Sound of Charlotte Blog

Listening in Context: Does Knowledge of a Piece’s History Affect What We Hear?

Originally Posted: February 2011

So apparently, you can't believe everything you read online after all.

Most performance notes found on the web of Herbert Howells' Requiem (which the Oratorio Singers of Charlotte perform this Friday February 25, 8:00 p.m. at Myers Park Baptist Church) relate the same tale of how Howells composed the eloquent and moving work in 1935 after the death of his young son, Michael. Poignant. Tragic. And yes, his son did pass away in 1935 at the too-young age of nine. Howells, though, had written Requiem three years earlier.

Herbert Howells, born in 1892, was regarded as something as a composing prodigy and upheld as one of the great hopes of English music. He had his share of troubles along the way, including his own near-death experience, the death of his son, and a sensitivity to criticism that caused him to stop writing for nearly a decade. In the end, though, he helped define and advance the voice of English classical music, particularly that of the Anglican church. He also provided us with the moving Requiem, a work full of texture, subtlety and emotional depth.

Howells shared a musical sensibility with Ralph Vaughan Williams. A September 1910 concert in Gloucester Cathedral included the premiere of a new work by the then little-known Vaughan Williams. Howells not only made the composer's personal acquaintance that evening, but the piece, the Fantasia on a Theme of Thomas Tallis, profoundly moved him. Howells and Vaughan Williams met again, and after the First World War, their acquaintance deepened into a lasting friendship. Howells studied at the Royal College of Music under C.V. Stanford, Hubert Parry and Charles Wood. (Works by both Vaughan Williams and Wood are also featured in the Oratorio Singers program, as is a piece by the decidedly-non-British Johannes Brahms.)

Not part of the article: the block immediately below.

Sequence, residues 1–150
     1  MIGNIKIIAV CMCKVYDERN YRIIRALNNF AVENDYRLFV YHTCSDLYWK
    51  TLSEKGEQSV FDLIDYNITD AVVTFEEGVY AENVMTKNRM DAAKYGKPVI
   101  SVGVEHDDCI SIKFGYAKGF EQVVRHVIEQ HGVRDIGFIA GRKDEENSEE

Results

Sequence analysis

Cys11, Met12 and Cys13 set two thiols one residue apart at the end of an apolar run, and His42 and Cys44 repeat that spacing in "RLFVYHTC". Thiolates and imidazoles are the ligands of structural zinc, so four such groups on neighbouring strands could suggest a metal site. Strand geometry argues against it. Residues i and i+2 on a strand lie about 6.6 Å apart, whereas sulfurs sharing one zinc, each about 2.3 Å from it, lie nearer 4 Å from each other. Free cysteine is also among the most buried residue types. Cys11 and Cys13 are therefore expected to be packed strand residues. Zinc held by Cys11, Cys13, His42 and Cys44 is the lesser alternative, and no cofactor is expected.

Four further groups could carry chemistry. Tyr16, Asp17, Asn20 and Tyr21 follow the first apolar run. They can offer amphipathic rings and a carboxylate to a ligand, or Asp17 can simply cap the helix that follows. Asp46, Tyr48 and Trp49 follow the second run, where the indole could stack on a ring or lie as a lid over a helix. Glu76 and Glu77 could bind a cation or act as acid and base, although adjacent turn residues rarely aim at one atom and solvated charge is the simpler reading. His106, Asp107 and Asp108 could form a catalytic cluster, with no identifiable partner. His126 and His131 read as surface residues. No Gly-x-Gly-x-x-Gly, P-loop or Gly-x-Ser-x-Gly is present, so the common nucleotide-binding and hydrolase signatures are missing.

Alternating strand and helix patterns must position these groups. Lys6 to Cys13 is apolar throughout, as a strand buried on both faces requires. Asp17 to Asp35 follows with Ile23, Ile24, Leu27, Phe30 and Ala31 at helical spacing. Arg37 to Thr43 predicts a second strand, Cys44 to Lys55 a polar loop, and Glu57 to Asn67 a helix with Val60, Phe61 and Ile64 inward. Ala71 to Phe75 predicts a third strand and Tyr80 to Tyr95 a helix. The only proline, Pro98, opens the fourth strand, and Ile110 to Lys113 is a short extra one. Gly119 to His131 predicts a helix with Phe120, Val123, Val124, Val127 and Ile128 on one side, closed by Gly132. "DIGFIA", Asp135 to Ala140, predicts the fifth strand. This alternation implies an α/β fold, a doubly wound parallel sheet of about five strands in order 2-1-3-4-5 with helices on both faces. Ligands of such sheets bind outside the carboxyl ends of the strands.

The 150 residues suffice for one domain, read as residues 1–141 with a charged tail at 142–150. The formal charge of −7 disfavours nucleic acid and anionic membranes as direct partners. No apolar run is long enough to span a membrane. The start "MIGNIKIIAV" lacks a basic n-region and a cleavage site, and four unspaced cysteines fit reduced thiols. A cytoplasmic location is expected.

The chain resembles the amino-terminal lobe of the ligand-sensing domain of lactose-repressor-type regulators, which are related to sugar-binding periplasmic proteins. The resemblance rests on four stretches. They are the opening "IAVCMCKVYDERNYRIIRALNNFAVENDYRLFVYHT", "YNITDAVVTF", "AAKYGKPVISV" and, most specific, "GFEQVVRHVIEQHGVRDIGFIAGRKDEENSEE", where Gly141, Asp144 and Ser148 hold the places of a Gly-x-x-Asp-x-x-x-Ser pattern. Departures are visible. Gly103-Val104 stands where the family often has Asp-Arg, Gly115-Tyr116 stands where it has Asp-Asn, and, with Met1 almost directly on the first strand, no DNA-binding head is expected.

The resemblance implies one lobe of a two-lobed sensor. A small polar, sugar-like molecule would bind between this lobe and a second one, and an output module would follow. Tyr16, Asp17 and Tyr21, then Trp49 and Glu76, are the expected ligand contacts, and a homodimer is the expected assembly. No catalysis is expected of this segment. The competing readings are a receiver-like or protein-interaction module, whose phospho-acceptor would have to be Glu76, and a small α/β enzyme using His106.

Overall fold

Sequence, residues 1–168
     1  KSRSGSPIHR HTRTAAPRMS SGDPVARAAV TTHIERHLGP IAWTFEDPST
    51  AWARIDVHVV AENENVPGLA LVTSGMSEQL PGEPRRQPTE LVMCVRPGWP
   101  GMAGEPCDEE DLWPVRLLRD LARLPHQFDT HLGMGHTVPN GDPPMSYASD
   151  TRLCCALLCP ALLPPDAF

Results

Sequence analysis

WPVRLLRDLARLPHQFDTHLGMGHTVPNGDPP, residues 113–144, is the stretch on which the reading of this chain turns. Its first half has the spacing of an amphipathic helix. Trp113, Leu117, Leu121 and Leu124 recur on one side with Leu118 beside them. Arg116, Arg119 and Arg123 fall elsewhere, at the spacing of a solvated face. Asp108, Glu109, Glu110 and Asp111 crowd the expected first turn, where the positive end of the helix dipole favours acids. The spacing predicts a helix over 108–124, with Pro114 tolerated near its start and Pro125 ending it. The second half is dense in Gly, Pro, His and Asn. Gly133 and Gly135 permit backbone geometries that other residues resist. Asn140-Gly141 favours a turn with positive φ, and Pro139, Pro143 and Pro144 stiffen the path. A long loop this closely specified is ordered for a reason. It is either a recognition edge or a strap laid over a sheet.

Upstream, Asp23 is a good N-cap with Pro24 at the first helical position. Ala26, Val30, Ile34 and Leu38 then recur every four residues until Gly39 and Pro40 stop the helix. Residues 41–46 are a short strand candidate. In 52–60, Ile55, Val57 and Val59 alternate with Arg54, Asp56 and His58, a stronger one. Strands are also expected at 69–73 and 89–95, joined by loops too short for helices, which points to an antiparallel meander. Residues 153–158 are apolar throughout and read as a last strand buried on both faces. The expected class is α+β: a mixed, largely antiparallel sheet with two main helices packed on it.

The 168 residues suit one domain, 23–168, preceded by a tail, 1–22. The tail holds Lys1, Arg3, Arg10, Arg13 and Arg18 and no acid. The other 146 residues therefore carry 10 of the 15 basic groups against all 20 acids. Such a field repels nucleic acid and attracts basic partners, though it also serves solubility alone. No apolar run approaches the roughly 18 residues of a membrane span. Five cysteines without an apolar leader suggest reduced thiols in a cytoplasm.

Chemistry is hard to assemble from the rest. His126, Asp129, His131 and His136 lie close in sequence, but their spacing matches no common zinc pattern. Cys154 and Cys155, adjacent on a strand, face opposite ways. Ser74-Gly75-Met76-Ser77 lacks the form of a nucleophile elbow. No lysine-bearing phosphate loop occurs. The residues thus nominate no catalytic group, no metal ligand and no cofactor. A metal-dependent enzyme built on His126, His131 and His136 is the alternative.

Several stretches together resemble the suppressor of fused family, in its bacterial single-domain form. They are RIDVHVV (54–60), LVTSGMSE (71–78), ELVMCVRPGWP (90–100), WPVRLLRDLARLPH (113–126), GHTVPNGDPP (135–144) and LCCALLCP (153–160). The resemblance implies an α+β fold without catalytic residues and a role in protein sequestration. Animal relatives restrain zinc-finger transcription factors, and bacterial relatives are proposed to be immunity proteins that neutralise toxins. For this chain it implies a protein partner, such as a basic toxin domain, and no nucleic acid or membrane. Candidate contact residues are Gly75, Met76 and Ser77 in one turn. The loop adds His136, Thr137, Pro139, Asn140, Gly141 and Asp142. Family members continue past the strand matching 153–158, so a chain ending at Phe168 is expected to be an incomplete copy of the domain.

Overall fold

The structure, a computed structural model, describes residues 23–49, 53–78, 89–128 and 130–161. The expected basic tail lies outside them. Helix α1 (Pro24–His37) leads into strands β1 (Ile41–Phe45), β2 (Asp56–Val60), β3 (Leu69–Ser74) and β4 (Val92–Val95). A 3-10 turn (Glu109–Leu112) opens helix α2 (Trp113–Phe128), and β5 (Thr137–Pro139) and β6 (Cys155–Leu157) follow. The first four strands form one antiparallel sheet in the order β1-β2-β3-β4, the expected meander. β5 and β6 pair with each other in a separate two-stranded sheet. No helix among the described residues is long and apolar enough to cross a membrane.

In 1915, Howells was diagnosed with Graves' disease and given six months to live. He became the first person in the country to receive radium treatment. His doctors had no idea how much to inject into Howell's thyroid. They stopped treatments when his neck showed signs of radioactive burns. Howells lived for another 70 years.

Despite his prodigious compositional abilities, Howells was plagued by a disabling sensitivity to criticism. After a hostile reception to a performance of his second piano concerto in 1925, Howells simply stopped composing. By 1932, though, he had written Requiem, which was commissioned by King's College, Cambridge. Howells never sent the completed work and Requiem remained unknown for nearly five decades. In the months after his son's death three years later, Howells was unable to write. The following year, though, he used material from the previously unaccompanied Requiem to compose another work,  Hymnus Paradisi for soloists, chorus and orchestra.